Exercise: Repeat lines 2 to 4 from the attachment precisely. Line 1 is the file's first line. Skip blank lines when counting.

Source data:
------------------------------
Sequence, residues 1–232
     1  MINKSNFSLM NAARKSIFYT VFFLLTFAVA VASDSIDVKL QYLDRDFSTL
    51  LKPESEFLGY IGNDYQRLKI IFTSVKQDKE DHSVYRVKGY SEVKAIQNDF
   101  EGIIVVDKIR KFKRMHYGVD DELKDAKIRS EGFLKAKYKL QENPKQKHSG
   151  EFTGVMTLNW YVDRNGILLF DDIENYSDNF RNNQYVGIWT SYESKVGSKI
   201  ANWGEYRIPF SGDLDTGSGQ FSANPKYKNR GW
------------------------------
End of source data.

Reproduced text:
     1  MINKSNFSLM NAARKSIFYT VFFLLTFAVA VASDSIDVKL QYLDRDFSTL
    51  LKPESEFLGY IGNDYQRLKI IFTSVKQDKE DHSVYRVKGY SEVKAIQNDF
   101  EGIIVVDKIR KFKRMHYGVD DELKDAKIRS EGFLKAKYKL QENPKQKHSG